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I want to compress a directory in Linux. I created a tar.gz that it turns to be a big file, due to the reason that the directory contains some *.o files and some pdf files.

Is there any way to compress a directory but exclude files larger than a predefined SIZE? There is a --exclude argument in tar command, however I would like to reject files larger than 1 MB. This is the constrain, not the name of the file.

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4 Answers 4

up vote -1 down vote accepted

find ./myRep/ -type f -size -1024k | xargs tar cfvz myArchive.tar

In a word, first part of this expression construct a list of files that size is lower than 1024k recursively from ./myRep/ and second part create tar/gzip archive.

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This might invoke tar repeatedly. Have a look at find . -print0 | tar --null -T - ... (from tar manual: "If you give a single dash as a file name for ‘--files-from’, (i.e., you specify either --files-from=- or -T -), then the file names are read from standard input. ") –  Jan-Philip Gehrcke Dec 14 '12 at 15:10

Based on Jan-Philip Gehrcke's response:

find . -type f -size -1024k | tar -czf --null -T - -f archive.tar.gz

for files less than 1M. Tested on OS X and Ubuntu Linux.

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On debian squeeze I had this error : tar: Multiple archive files require '-M' option But it worked with something like : find . -type f -size -100k | tar -cz -f test.tgz -T - –  Fluxine Dec 20 '13 at 11:59
@Fluxine Couldn't get that to work either. Had to look at stackoverflow.com/q/5891866/63736 and ended up with find . -type f -size 1M -print0 | tar -vzcf backup.tar.gz --null -T - –  Bruce van der Kooij Nov 23 '14 at 9:24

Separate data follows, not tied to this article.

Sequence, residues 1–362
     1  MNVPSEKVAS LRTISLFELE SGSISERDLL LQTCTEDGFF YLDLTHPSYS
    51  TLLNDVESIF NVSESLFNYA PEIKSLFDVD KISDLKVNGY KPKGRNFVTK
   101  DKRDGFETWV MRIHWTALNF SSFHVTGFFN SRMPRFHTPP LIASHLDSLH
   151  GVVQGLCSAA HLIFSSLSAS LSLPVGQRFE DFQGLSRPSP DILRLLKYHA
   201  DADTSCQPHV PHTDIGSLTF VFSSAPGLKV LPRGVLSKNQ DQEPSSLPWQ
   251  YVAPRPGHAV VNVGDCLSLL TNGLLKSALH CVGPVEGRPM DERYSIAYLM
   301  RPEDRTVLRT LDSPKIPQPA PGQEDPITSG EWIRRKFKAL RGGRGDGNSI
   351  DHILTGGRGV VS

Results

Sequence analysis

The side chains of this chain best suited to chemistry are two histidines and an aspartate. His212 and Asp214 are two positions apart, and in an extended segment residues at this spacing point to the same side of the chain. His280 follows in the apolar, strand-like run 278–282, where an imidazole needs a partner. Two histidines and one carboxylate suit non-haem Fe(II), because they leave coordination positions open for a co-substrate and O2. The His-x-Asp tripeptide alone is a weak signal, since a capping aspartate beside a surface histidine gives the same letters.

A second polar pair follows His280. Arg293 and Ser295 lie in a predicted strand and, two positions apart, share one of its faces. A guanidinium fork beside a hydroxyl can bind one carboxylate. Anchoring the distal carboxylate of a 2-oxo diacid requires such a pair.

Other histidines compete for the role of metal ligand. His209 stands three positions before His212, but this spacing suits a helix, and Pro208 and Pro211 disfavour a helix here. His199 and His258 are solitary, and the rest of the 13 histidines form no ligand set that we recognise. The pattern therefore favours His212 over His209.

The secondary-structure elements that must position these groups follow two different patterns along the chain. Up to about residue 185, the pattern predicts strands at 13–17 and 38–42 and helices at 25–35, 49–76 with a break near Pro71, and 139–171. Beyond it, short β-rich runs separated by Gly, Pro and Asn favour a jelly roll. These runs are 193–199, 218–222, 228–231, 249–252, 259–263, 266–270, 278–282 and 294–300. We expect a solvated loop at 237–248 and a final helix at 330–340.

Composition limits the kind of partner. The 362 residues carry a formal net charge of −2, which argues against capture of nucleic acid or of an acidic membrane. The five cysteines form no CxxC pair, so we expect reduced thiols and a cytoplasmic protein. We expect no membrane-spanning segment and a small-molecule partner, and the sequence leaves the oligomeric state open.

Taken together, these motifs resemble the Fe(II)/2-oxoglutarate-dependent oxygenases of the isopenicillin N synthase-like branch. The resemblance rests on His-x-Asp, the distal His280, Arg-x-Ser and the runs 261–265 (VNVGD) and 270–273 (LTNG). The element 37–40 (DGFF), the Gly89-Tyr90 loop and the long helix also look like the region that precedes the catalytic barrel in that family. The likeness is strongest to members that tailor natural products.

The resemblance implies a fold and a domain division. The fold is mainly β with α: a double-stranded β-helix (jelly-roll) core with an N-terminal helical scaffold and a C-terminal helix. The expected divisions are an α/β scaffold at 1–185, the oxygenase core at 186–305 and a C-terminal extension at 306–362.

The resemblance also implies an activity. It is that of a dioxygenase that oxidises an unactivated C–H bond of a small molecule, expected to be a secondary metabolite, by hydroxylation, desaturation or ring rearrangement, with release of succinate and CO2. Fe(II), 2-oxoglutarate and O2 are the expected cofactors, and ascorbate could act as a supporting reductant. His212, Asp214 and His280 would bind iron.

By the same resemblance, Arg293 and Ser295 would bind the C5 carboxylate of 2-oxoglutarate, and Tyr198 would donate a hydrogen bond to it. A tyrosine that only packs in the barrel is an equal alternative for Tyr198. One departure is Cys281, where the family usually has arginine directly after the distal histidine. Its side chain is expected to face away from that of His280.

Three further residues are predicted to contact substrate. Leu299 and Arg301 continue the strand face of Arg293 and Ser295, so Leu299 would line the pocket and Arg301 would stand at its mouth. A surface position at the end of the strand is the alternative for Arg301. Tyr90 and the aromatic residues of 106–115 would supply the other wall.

The ...| tar c --null -T - solution works nicely on arbitrarily long file lists, but has a minor drawback: it stores the whole file list in the memory. If you have lots of small files, then that may be a problem. –  P.Péter Feb 2 at 10:15

The ...| tar c --null -T - solution above is the best if you have adequate memory (i.e. the file list fits into your memory easily (in most cases, this is true)). However, xargs does have a place if you are memory-constrained, but you have to use it appropriately so that the multiple tar invocations have no ill effect.

To compress, you may use:

find . -type f -size -1024k | xargs tar c | gzip > archive.tar.gz

This results in a file of concatenated tar archives, gzipped together into the resulting file (you may also use cz and omit | gzip as concatenating gzip archives is still valid gzip, but you lose a tiny bit of compression, or quite a bit of compression if you use bzip2 or xz instead of gzip).

To extract the resulting file you have to use the --ignore-zeros or -i option of tar to not only extract the first archive:

tar xizf archive.tar.gz
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You could use a combination of find (with its -size flag) and xargs to pass it into tar.

Something like:

find . -size -100k -print | xargs tar cvf archive.tar

for files less than 100k. See man find for the other size options

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